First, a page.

AS the last of the leaves are gathered and bagged, I look around with disgust at the increasing moss and discoloration creeping over the lawn, paving, and hard landscaping.
The lawn has never been worse and, having applied a variety of moss killers without success, I now think that a dressing of lime should be applied.
This will increase the Ph of the soil and make nutrients available once more to the grassroots.
And yet all is not lost, and I remain positive.
November may indeed see the garden at its lowest ebb of the year, but I marvel now at the wonderful family of winter flowering shrubs sold as Mahonia.
In any winter garden scene, a mature specimen of mahonia will be found best at making an architectural statement.
With lustrous foliage plastered with frost or glistening in rain, each spray of flower can easily look like a string of vivid topaz.
All that at a time when there would be little else to admire, but which variety to choose?
The best forms smell of Lily-of-the-Valley, and their berries, unlike those of the holly, can be made into jam (I’m told).
'Charity' is an excellent variety, distinguished by its size and perfect sprays of golden-yellow flowers.
It will grow to six feet and more in good conditions but is easily controlled by pruning immediately after the winter blooms fade.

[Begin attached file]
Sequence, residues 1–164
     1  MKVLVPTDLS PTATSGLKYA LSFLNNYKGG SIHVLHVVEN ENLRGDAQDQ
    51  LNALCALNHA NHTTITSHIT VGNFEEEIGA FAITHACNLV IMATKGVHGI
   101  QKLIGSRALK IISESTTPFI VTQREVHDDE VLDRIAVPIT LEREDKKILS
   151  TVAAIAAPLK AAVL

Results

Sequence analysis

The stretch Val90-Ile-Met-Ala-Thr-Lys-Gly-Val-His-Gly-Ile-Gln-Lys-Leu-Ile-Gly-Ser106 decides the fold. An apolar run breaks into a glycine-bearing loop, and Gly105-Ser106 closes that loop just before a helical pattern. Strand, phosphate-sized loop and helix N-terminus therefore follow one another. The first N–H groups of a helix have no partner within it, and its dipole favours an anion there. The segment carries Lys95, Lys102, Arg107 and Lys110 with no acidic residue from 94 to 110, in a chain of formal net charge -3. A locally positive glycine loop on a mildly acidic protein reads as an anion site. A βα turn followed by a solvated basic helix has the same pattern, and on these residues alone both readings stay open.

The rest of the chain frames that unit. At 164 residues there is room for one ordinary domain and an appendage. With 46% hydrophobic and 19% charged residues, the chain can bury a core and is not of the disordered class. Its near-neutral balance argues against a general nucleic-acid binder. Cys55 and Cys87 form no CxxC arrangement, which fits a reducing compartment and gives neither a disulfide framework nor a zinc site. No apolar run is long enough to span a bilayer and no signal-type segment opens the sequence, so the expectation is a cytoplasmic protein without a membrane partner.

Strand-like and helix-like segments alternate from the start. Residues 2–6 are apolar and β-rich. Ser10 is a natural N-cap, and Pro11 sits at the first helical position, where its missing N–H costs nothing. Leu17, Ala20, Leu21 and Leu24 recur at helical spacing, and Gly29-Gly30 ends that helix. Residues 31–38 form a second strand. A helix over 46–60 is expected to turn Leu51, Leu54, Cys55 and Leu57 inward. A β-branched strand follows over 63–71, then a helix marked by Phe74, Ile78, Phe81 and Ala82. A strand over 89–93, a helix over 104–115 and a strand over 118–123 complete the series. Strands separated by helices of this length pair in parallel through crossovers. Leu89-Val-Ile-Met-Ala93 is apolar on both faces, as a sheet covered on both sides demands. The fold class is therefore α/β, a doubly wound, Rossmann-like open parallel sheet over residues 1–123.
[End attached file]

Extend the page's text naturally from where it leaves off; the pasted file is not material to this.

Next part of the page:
This annual exercise is vitally important and one third of the growths on all varieties should be cut to a few inches above soil level.
New shoots will arise from the remaining stumps, and these are the ones which will bloom best in subsequent years.
In small gardens, Mahonia 'Winter Sun' will be found very tidy, and so too 'Lionel Fortesque', a well-behaved shrub which holds its blooms like outstretched arms but on a distinctly higher plane.
Whichever variety you choose, do not be afraid to prune as suggested otherwise they will get long and leggy in a short span of time.
Is there a limit to their value?
No, if you value their yellow winter blooms, their striking-coloured leaves, and in more than a few varieties, a delicious perfume.
Their blooms I assure you can be as dramatic as fireworks and dominate the scene for weeks on end from late autumn.
The variety with the finest leaves is to be found on M.lomariifolia an aristocrat of the family which boasts sprays of up to two feet, pinnate like a killer shark, and equally as sharp.
Caption for attachment; Bright yellow blooms throughout winter, distinctive holly-like foliage, and a perfume akin to Lily-of-the-Valley are the hallmarks of many Mahonia varieties.
They would make a very presentable Christmas gift.